We present a model of lawmaking by appellate courts in which judges influenced by policy preferences can distinguish precedents at some cost. We find a cost and a benefit of diversity of judicial views. Policy‐motivated judges distort the law away from efficiency, but diversity of judicial views also fosters legal evolution and increases the law’s precision. We call our central finding the Cardozo theorem: even when judges are motivated by personal agendas, legal evolution is, on average, beneficial because it washes out judicial biases and renders the law more precise. Our paper provides a theoretical foundation for the evolutionary adaptability of common law.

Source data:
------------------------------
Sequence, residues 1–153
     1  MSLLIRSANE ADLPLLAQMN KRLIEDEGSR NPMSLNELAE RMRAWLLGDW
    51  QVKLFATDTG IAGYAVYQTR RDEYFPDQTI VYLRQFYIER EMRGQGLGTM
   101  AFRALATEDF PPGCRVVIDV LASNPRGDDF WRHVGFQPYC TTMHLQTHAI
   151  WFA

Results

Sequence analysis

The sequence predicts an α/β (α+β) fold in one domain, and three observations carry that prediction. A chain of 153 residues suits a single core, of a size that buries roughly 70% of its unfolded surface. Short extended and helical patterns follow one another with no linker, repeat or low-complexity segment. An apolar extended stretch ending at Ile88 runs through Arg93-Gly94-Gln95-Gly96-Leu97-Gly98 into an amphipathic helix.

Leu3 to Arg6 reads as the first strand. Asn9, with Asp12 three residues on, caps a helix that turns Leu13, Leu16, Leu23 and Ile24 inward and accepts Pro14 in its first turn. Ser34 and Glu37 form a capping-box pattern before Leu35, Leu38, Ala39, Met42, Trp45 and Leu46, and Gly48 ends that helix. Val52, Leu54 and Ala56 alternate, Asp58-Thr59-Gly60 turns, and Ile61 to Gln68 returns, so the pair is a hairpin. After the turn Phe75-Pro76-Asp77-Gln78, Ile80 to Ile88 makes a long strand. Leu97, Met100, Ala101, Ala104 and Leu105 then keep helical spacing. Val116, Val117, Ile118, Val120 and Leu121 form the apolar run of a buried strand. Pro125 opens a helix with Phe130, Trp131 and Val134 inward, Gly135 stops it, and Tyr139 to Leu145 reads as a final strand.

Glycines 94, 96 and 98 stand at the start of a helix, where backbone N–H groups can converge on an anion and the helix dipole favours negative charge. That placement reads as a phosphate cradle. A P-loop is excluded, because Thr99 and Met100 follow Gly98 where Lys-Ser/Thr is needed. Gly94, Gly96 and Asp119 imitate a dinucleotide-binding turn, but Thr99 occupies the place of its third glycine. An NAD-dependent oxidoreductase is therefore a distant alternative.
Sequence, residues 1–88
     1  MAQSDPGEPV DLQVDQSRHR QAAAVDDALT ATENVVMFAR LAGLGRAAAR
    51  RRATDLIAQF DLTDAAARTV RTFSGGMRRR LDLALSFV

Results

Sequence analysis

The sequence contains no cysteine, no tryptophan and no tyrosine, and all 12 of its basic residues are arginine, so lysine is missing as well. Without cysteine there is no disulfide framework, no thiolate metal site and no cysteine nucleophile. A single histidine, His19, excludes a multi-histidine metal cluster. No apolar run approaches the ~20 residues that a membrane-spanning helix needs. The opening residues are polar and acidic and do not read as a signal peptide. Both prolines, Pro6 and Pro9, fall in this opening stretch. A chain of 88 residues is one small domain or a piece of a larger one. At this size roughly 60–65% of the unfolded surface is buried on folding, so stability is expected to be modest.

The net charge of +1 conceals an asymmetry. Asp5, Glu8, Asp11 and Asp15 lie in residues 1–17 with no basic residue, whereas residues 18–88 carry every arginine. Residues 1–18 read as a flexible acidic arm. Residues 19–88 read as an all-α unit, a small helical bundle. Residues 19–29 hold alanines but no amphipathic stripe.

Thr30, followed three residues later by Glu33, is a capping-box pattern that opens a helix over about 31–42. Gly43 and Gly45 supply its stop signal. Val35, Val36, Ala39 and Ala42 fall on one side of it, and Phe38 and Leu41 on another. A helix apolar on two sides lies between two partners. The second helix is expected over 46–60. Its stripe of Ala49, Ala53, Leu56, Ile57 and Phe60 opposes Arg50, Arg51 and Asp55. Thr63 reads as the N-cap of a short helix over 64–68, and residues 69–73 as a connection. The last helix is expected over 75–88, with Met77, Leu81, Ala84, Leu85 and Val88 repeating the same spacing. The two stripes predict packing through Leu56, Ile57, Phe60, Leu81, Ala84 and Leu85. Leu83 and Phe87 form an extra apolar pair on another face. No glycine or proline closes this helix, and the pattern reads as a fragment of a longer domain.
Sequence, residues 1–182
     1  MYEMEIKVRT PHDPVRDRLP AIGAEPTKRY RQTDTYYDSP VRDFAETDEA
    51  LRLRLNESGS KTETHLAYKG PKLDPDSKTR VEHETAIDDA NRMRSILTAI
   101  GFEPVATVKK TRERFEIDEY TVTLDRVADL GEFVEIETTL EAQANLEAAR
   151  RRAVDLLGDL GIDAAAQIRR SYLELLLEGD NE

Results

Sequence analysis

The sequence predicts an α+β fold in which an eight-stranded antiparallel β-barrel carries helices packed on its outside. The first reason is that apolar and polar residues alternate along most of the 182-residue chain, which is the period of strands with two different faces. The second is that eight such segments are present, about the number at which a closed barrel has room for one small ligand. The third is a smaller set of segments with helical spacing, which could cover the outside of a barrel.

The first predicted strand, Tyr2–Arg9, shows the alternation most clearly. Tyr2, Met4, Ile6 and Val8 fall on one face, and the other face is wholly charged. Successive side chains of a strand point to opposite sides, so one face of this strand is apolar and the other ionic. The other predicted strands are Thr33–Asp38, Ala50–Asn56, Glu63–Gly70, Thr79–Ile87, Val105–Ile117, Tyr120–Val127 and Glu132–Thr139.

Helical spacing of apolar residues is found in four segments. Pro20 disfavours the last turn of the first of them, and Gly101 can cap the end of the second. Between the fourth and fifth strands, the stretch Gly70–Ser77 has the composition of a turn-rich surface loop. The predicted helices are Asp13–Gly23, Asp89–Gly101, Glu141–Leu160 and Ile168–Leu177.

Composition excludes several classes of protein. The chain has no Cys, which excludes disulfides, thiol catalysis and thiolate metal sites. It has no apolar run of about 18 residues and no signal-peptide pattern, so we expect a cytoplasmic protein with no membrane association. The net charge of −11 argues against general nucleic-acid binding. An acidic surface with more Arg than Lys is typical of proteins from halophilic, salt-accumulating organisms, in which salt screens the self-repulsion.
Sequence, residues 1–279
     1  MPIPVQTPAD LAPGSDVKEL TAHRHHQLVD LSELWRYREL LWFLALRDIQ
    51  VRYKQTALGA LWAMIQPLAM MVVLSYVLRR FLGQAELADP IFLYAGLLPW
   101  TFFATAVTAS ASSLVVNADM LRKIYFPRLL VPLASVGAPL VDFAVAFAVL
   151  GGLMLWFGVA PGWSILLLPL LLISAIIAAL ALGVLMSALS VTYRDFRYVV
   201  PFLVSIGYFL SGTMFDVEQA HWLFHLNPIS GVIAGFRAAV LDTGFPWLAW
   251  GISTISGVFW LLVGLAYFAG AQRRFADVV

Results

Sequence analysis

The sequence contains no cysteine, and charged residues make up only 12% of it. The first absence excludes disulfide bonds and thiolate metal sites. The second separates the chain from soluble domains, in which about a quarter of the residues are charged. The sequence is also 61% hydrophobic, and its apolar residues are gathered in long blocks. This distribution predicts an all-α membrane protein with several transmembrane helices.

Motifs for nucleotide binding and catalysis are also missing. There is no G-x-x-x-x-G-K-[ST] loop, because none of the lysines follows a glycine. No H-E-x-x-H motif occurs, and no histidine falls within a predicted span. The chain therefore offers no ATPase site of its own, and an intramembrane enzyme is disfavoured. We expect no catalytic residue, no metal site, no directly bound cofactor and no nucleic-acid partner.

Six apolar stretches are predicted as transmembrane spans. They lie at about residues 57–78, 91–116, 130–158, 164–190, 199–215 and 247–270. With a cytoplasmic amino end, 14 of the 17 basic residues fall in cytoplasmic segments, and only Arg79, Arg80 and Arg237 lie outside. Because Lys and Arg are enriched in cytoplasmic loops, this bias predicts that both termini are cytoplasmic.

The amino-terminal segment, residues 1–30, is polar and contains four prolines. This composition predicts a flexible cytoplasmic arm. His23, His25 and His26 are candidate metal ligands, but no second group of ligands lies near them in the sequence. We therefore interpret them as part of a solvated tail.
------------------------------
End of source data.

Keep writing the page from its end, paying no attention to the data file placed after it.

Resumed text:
The Evolution of Common Law

GENNAIOLI, NICOLA;
2007

Abstract

We present a model of lawmaking by appellate courts in which judges influenced by policy preferences can distinguish precedents at some cost. We find a cost and a benefit of diversity of judicial views. Policy‐motivated judges distort the law away from efficiency, but diversity of judicial views also fosters legal evolution and increases the law’s precision. We call our central finding the Cardozo theorem: even when judges are motivated by personal agendas, legal evolution is, on average, beneficial because it washes out judicial biases and renders the law more precise. Our paper provides a theoretical foundation for the evolutionary adaptability of common law.
2007
Gennaioli, Nicola; Andrei, Shleifer
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Utilizza questo identificativo per citare o creare un link a questo documento: https://hdl.handle.net/11565/3767876
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